White wants to do something, Wilbur says no, Panzer says she should, White ignores Wilbur’s advice, gets in trouble, Wilbur saves her, Panzer freaks, the end. Four or five of the chapters are that sequence of events. Except it sounds like White is doing things in Perils. And she rarely does anything. She usually just waits around for Wilbur to save her. White never acknowledges her propensity for danger either, much less Wilbur’s many times rescuing her.

She also talks about wanting to get married. But Wilbur and White don’t really have any chemistry. After the first episode, all their interactions are arguments or action rescues. Those moments aren’t magnificent holdovers from the original serial. They’re tedious sequences where Wilbur and White have the same discussion over and over. Panzer and Carlyle are the ones who get to have fun, not Wilbur, not White.

While sometimes Panzer’s plots are stupid, they’re always full of spectacle. Until the last chapter, then his attempts are pedestrian and the spectacle is coincidence. The last chapter has a lot of other problems, but Perils does Panzer wrong. Panzer’s a good villain. He’s a lot better when he’s not conflicted, just scheming. And he has some amazing freakouts. One chapter has him seeing White alive, screaming and running around. Wilbur and White just look at each other and smile. The staff are so wacky.

There’s are a lot of clues, watching Perils of Pauline’s nine chapter version, about the original serial. Most of the time, you’re giving Perils’s directors and writers the benefit of the doubt. But not when White all of a sudden starts being helpless around the staff. Maybe she’s always a jerk to the staff, maybe it’s in the full version. Or maybe it’s just the one time thing. Maybe it isn’t missing anything.

As is, The Perils of Pauline is a disappointing, deliberate mess. Chaos would be preferrable. Some narrative imagination in the condensation cutting, which doesn’t seem a likely–or even desired–quality in whoever’s doing the editing.

The serial’s got adequate direction from Gasnier and MacKenzie. Basic setups but good composition. The action sequences with stunts, the special effects stuff, usually pretty solid. When it wants to impress visually, Perils can and does. The thrilling set pieces are cool and well-executed.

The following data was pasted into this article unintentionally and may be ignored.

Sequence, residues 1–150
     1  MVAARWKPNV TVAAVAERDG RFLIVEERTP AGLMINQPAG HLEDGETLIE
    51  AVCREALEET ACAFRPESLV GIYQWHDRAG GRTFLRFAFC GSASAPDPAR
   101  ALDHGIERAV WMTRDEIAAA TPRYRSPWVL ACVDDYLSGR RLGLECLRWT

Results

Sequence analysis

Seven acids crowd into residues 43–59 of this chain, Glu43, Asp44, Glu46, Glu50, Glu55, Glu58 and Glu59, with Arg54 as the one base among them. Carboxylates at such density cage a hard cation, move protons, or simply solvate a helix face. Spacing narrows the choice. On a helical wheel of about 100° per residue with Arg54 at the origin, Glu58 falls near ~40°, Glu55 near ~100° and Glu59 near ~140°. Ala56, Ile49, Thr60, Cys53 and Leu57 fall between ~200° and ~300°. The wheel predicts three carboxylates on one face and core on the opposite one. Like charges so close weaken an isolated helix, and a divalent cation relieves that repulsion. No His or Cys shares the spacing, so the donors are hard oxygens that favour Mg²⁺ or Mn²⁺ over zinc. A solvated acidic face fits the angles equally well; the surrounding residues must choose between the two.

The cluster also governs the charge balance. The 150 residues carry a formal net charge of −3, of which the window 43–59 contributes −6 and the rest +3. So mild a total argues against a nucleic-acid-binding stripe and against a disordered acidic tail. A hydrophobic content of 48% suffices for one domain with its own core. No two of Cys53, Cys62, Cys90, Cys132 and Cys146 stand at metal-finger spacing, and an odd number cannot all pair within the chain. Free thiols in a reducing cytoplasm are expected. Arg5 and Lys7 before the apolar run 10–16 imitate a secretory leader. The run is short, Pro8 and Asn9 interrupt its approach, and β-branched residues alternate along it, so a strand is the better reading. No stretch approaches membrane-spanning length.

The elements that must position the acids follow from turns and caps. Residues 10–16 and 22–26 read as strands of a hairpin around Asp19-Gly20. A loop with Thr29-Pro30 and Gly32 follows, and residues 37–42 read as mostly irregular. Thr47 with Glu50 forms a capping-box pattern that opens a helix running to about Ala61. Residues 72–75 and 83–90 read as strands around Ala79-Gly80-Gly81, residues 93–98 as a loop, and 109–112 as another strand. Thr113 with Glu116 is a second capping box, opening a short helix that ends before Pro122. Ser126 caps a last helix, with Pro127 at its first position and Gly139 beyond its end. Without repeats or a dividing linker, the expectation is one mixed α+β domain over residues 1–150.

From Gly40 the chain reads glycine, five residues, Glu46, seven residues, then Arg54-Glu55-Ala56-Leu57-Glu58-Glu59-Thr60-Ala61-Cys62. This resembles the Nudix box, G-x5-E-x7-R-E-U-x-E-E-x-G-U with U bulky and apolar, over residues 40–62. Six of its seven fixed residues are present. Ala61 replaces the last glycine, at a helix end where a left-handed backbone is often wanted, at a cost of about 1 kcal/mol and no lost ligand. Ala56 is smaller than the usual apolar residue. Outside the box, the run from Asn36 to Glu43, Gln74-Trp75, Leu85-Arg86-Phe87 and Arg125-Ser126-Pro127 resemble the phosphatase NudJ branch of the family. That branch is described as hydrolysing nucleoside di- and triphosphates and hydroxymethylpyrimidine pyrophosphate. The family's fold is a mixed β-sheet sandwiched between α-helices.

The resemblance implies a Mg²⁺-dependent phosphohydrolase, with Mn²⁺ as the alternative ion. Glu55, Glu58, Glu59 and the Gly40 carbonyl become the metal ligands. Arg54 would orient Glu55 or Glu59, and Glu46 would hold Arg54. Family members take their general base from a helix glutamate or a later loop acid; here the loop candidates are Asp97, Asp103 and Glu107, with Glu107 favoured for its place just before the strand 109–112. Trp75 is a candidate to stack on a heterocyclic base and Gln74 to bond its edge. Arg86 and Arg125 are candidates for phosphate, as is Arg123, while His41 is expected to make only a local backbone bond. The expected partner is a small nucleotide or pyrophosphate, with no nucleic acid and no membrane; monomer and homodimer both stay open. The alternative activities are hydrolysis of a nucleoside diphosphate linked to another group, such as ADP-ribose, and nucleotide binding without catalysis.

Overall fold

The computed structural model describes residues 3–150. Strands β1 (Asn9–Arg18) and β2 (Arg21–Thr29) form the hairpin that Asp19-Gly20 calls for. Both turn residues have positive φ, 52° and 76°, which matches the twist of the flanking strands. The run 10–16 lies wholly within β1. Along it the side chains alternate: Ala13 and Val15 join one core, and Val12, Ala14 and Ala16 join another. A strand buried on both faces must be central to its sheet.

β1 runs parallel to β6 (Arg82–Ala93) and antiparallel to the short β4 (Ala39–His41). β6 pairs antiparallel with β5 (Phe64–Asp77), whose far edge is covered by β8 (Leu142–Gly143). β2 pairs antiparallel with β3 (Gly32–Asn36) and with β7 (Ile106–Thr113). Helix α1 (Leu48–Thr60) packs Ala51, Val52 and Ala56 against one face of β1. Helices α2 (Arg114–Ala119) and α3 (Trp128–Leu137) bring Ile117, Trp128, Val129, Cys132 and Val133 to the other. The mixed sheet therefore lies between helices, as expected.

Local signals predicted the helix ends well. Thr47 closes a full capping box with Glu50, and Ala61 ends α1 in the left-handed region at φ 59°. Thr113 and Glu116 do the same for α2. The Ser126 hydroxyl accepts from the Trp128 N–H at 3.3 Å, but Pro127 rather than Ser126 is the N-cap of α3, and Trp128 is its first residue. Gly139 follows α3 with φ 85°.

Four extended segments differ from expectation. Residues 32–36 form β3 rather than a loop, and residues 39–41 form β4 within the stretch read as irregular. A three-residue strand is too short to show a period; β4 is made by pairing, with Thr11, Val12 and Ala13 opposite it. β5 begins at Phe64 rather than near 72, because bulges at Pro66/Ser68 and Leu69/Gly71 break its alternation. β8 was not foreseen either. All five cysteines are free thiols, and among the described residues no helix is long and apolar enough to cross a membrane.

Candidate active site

White’s fine. Perils–at least this version of it–gives her very little to do. Panzer’s fine with sometimes better moments. Wilbur’s never fine and never has any good moments. Director MacKenzie also pops up in front of the camera; he plays a vulgar sailor who Panzer hires to con White. The character’s a lot of fun, as opposed to when Perils brings in the devious gypsy band (in blackface). They’re not fun. Most of the other performances are fine. Including some of the unfortunately uncredited ones.

At the end, Perils wraps things up with a lackluster final chapter. You could watch the first and last chapters and get the same story. And you’d be just as disappointed by the finale, it’s so lacking in thrills.

Maybe–and, really, hopefully–the real Perils of Pauline was good. But this condensed version isn’t.



Directed by Louis J. Gasnier and Donald MacKenzie; screenplay by Charles W. Goddard and Basil Dickey, based on the novel by Goddard; director of photography, Arthur C. Miller; released by the Eclectic Film Company.

Starring Pearl White (Pauline), Crane Wilbur (Harry), Paul Panzer (Koerner), Francis Carlyle (Hicks), Clifford Bruce (Gypsy leader), Donald MacKenzie (Blinky Bill, the pirate), Jack Standing (Lt. Summers), and Edward José (Sanford Marvin).